Science.gov (United States)

    Nguyen, Van Khanh; Park, Younghyun; Yu, Jaecheul; Lee, Taeho

    2016-07-01

    Selenium is said to be multifaceted element because it is essential at a low concentration but very toxic at an elevated level. For the purpose of screening a potential microorganism for selenite bioremediation, we isolated a bacterium, named strain THL1, which could perform both heterotrophic selenite reduction, using organic carbons such as acetate, lactate, propionate, and butyrate as electron donors under microaerobic condition, and electrotrophic selenite reduction, using an electrode polarized at -0.3V (vs. standard hydrogen electrode) as the sole electron donor under anaerobic condition. This bacterium determined to be a new strain of the genus Cronobacter, could remove selenite with an efficiency of up to 100%. This study is the first demonstration on a pure culture could take up electrons from an electrode to perform selenite reduction. The selenium nanoparticles produced by microbial selenite reduction might be considered for recovery and use in the nanotechnology industry. PMID:27099943

  9. DNA cloning, characterization, and inhibition studies of an α-carbonic anhydrase from the pathogenic bacterium Vibrio cholerae.

    Science.gov (United States)

    Del Prete, Sonia; Isik, Semra; Vullo, Daniela; De Luca, Viviana; Carginale, Vincenzo; Scozzafava, Andrea; Supuran, Claudiu T; Capasso, Clemente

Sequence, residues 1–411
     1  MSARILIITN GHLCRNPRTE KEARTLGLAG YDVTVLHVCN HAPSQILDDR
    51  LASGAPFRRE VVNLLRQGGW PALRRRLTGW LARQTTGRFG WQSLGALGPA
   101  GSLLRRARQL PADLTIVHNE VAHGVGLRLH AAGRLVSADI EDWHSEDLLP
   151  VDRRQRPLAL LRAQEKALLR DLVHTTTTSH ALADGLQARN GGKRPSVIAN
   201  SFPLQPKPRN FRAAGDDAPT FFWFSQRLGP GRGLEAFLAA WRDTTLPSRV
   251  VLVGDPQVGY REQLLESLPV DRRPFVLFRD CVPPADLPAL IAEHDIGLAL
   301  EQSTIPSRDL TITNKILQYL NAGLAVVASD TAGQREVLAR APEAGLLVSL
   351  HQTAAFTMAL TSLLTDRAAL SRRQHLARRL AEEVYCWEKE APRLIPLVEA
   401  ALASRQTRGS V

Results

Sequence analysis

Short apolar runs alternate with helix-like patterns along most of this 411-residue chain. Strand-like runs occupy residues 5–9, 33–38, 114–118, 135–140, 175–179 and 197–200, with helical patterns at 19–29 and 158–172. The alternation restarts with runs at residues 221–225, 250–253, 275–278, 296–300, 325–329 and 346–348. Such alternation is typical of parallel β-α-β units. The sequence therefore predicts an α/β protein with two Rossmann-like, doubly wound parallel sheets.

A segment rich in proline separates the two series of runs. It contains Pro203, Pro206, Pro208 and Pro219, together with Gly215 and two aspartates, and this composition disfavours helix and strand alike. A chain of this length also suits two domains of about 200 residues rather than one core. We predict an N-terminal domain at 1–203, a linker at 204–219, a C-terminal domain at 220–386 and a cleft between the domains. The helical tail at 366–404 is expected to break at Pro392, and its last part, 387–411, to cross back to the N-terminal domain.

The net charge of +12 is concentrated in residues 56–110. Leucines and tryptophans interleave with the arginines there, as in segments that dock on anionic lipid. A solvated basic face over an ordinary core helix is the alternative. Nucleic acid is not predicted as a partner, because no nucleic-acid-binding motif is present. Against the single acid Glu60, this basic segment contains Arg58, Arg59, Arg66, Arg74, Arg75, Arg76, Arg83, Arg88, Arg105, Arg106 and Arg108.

2012-12-13

    We have cloned, purified, and characterized an α-carbonic anhydrase (CA, EC 4.2.1.1) from the human pathogenic bacterium Vibrio cholerae, VchCA. The new enzyme has significant catalytic activity, and an inhibition study with sulfonamides and sulfamates led to the detection of a large number of low nanomolar inhibitors, among which are methazolamide, acetazolamide, ethoxzolamide, dorzolamide, brinzolamide, benzolamide, and indisulam (KI values in the range 0.69-8.1 nM). As bicarbonate is a virulence factor of this bacterium and since ethoxzolamide was shown to inhibit the in vivo virulence, we propose that VchCA may be a target for antibiotic development, exploiting a mechanism of action rarely considered until now. PMID:23181552

  10. Decolourization of 4-chloro-2-nitrophenol by a soil bacterium, Bacillus subtilis RKJ 700.

    Directory of Open Access Journals (Sweden)

    Pankaj Kumar Arora